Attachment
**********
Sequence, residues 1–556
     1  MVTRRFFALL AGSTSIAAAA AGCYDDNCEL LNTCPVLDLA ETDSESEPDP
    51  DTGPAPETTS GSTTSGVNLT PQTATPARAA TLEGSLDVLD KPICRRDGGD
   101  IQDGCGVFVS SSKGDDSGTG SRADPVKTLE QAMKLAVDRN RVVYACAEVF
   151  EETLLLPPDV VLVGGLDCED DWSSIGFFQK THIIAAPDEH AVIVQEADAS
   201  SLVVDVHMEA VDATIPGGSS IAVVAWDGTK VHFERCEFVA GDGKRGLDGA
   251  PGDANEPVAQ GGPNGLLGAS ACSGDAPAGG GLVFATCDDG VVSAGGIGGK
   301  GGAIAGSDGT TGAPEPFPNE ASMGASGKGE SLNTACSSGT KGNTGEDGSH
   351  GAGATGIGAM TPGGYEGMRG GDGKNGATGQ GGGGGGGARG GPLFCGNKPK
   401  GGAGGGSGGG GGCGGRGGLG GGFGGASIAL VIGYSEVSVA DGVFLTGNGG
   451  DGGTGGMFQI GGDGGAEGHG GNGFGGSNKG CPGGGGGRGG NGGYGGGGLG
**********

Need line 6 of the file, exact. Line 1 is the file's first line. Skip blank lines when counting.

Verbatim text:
   201  SLVVDVHMEA VDATIPGGSS IAVVAWDGTK VHFERCEFVA GDGKRGLDGA